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We are monitoring the situation in Sri Lanka: India

March 17, 2010 08:41 IST

Indian Foreign Secretary Nirupama Rao, who visited Sri Lanka last week and met President Mahinda Rajapakse and senior Sri Lankan officials, has said that India had been reassured over the Lankan government's efforts to return internally-displaced persons to their homes and also hopeful over a future political process to alleviate the lot of the Tamil-speaking community and other minorities.

Rao told rediff.com, "Sri Lanka is in the midst of the campaign for its parliamentary elections and so I think the focus is on the elections now and what will happen on April 8 and what the outcome of the election will be."

But she said that in her meetings, including that with President Rajapakse, "as far as the IDP's are concerned, what I was told was that the number has gone down to 70,000 -- this was like over 200,000 people at the height after the conflict (with the Liberation Tigers of Tamil Eelam)."

Rao said she had also been informed that these people were allowed to come in and out of the camps.

The Foreign Secretary, a former Indian ambassador to Sri Lanka, who is familiar with the lay of the land in the island nation, said, "The major focus now will be on reconstruction and restoration of normal living conditions in Killinochi and Mullaitivu (Most IDPs belong to these two towns)."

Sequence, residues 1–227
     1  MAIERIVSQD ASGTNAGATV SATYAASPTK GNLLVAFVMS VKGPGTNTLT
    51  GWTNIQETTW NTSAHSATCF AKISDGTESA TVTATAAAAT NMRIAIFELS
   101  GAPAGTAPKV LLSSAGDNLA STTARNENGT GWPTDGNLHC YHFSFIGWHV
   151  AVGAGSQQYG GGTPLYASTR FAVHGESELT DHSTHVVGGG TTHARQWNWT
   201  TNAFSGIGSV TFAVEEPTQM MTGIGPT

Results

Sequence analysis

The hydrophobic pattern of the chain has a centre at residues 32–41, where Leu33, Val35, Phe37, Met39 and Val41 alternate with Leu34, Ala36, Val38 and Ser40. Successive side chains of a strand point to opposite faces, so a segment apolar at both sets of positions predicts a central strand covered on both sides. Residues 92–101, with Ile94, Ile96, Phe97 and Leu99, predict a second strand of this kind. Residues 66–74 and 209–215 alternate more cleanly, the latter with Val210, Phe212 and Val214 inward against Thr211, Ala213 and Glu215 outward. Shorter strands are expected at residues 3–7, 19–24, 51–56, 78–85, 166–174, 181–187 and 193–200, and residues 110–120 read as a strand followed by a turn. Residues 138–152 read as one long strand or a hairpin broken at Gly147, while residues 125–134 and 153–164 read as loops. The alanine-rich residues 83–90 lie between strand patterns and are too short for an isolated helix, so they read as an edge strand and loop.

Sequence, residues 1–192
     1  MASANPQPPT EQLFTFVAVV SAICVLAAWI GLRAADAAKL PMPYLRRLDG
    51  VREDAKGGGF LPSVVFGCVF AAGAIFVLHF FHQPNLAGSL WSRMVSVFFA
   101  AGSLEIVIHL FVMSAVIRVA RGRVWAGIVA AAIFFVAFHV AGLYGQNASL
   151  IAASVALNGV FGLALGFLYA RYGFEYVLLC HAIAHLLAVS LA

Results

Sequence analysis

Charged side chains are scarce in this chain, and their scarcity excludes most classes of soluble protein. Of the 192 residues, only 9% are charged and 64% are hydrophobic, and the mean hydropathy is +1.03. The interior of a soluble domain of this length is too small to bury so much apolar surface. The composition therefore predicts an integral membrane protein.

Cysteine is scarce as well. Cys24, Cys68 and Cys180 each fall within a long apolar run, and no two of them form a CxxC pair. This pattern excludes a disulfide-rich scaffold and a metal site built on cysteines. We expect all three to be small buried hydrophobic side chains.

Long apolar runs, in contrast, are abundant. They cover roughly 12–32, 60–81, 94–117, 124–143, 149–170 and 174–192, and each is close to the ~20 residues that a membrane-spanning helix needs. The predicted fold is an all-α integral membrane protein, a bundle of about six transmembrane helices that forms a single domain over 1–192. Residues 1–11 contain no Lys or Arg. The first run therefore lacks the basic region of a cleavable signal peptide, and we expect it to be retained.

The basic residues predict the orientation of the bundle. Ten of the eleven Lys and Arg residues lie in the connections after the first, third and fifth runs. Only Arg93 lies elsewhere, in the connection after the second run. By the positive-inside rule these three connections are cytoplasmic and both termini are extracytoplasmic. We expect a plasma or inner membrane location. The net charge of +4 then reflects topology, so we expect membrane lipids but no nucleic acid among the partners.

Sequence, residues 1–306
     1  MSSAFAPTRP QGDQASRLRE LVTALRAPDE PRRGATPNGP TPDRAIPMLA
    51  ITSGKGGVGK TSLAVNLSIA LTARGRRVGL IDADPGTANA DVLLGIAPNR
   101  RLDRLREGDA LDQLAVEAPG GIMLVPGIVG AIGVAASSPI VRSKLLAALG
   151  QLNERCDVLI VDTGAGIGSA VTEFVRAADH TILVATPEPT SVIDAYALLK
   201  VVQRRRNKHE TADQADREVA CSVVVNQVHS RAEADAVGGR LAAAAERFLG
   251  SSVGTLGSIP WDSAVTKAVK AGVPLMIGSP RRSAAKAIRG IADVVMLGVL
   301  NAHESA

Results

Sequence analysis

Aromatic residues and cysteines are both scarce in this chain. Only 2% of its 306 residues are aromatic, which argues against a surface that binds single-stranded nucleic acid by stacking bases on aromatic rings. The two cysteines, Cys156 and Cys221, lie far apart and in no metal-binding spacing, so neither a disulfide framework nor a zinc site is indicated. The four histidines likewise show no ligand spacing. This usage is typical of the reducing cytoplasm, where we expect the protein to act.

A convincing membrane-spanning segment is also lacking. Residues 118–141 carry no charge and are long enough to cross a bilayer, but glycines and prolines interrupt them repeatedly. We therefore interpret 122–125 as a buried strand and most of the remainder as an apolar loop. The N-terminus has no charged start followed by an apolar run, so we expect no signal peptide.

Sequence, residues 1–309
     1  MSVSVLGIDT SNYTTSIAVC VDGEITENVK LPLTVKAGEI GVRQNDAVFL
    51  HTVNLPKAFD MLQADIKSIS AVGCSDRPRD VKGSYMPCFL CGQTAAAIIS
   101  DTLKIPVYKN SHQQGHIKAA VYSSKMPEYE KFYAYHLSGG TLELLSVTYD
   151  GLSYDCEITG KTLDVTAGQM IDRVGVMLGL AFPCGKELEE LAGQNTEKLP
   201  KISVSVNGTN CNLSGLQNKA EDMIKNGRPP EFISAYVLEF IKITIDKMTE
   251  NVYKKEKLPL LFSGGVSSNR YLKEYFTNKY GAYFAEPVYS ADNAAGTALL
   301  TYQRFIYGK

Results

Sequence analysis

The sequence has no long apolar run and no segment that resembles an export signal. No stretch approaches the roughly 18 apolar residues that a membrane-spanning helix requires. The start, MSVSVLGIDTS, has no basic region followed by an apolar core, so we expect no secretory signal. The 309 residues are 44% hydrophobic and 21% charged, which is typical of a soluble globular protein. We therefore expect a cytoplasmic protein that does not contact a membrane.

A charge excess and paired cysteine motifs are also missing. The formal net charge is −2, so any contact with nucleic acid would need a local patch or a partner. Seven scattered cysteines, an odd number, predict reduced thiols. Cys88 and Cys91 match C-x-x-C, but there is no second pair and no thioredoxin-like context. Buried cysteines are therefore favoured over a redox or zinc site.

"There are still numbers to be resettled, but I think the major focus now has to be on the regeneration of livelihoods in the northern part of the country, Jaffna peninsula, Wanni, Vavuniya, Killinochai and Mullaitivu. Restoration of livelihoods, businesses, educational institutions, which also need faculty, courses to be restored, hospitals, health-care, railways, roads -- this is where the focus needs to be," she added.

Politically, some of the designs and aspirations of the Tamil-speaking minorities of Sri Lanka can be addressed and that includes the Muslims as well in Batticaloa, and in the eastern province, she said.

Rao pointed out that India is Sri Lanka's closest neighbour and is watching the situation there very carefully.
Aziz Haniffa in Washington, DC